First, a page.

Christopher Hitchens and David Rieff exchange frank views on politics, personalities and what constitutes a war criminalby Christopher Hitchens / August 20, 2001 / Leave a comment
Published in August 2001 issue of Prospect Magazine
28th June 2001
I hold no brief for Henry Kissinger, and had your recent attack on him been concerned-as you put it-with exposing his “depraved realpolitik,” I would not have been disposed to quarrel with you. There is much to loathe about what Kissinger believes, and much to despise about what he did when he applied his brand of amoral realism to the conduct of US foreign policy. But you insist that your goal is different. You claim that the book you have written is “concerned only with the Kissingerian offences that might or should form the basis of a legal prosecution for war crimes, for crimes against humanity, and for offences against common or customary or international law, including conspiracy to commit murder, kidnap and torture.”
You claim that in your bill of indictment you have included only those acts of Kissinger’s which can be properly described as identifiable crimes rather than exercises of irresponsible power, or acts which, however repulsive they are to you, “might in outline have been followed under any US administration.” These include the secret bombing of Indochina; collusion with the Pakistani government’s campaign of slaughter in East Pakistan in 1971 and in the subsequent assassination of Bangladesh’s first president, Sheikh Mujib; collusion in the assassination of Rene Schneider, the chief of the Chilean general staff under Allende; involvement in the plan to assassinate President Makarios of Cyprus; guilt for the Indonesian genocide in East Timor; and personal involvement in a plot to kidnap and murder Elias Demetracopoulos, an exiled Greek journalist then living in Washington.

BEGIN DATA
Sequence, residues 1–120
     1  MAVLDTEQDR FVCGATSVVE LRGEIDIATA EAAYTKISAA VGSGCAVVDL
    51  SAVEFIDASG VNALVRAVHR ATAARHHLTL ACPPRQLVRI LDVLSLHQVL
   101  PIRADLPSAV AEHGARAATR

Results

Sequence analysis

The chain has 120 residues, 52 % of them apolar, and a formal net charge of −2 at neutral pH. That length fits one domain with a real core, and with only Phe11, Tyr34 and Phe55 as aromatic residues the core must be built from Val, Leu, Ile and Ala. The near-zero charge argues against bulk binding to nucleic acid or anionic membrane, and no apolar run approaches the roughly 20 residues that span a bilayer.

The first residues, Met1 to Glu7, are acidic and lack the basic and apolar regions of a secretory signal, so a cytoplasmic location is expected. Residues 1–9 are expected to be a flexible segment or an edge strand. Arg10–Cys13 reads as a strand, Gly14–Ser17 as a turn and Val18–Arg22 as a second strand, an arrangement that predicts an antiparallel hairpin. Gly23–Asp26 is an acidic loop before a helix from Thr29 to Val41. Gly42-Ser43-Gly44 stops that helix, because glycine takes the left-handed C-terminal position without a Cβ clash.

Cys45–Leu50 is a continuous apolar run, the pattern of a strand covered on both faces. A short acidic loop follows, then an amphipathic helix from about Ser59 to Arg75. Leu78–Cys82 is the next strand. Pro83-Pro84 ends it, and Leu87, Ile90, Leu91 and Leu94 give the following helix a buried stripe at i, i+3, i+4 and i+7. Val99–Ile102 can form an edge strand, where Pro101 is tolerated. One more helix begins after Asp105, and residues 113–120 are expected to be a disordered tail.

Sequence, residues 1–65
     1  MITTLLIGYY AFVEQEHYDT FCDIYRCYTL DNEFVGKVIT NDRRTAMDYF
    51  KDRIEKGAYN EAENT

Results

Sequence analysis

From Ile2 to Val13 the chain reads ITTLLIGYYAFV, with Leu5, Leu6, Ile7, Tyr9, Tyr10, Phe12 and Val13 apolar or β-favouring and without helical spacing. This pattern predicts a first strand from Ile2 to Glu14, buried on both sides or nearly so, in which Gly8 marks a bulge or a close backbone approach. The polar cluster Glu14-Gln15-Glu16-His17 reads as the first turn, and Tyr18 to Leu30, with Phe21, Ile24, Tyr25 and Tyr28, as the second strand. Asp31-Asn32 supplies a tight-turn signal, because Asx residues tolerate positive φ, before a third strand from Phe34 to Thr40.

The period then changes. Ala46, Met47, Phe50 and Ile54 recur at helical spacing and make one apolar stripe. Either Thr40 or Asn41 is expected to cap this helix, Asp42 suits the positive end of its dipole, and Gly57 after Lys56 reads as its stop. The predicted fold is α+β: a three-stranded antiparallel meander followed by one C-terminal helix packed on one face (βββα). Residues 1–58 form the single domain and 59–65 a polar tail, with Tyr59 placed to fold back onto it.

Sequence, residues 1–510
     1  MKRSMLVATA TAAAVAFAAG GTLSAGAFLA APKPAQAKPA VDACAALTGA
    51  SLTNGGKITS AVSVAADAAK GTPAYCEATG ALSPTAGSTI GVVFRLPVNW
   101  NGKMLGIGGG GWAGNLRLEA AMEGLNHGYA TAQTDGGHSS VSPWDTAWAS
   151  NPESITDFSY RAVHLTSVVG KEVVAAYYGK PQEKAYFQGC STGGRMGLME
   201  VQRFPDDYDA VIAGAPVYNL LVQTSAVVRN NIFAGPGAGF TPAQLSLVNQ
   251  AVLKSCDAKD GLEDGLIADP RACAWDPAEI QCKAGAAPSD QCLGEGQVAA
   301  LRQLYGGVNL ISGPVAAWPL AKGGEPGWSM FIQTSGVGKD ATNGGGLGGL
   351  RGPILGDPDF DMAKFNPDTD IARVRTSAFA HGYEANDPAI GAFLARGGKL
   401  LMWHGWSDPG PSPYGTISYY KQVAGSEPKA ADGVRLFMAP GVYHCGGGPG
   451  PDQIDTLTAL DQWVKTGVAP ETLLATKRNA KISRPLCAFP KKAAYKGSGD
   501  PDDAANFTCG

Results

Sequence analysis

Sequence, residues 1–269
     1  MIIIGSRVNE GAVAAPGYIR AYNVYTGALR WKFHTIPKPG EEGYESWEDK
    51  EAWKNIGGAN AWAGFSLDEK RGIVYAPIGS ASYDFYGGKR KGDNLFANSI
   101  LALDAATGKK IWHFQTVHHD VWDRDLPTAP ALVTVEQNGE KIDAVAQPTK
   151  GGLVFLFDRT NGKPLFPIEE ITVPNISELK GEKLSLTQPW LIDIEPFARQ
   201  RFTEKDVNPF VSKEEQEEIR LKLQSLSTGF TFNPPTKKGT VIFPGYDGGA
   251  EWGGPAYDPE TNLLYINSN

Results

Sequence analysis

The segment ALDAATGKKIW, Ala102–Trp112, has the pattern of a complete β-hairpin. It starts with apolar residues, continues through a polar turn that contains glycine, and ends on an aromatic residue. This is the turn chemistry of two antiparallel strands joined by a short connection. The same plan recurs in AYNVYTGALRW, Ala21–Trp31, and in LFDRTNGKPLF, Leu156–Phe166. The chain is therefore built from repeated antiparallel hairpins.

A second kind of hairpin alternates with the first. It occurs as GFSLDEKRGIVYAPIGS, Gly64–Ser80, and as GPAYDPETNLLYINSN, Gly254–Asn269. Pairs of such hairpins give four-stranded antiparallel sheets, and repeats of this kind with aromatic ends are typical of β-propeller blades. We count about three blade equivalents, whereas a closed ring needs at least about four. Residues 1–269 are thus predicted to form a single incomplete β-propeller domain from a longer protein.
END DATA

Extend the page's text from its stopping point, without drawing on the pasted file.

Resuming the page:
There are a number of flaws in your argument which would be apparent even to someone who shared both your politics and your presuppositions. Among them is the fact that, as you yourself admit, you don’t have a lot of direct evidence in a number of these cases. You blame Kissinger for withholding access to his papers and speculate, without evidence as far as I can see, that he has destroyed certain key documents. But the result, as you concede, is that you can often only bring what you call a prima facie case. In other words you want Kissinger in the dock, but you often don’t have enough evidence to warrant an indictment under the legal standards you yourself invoke and depend on.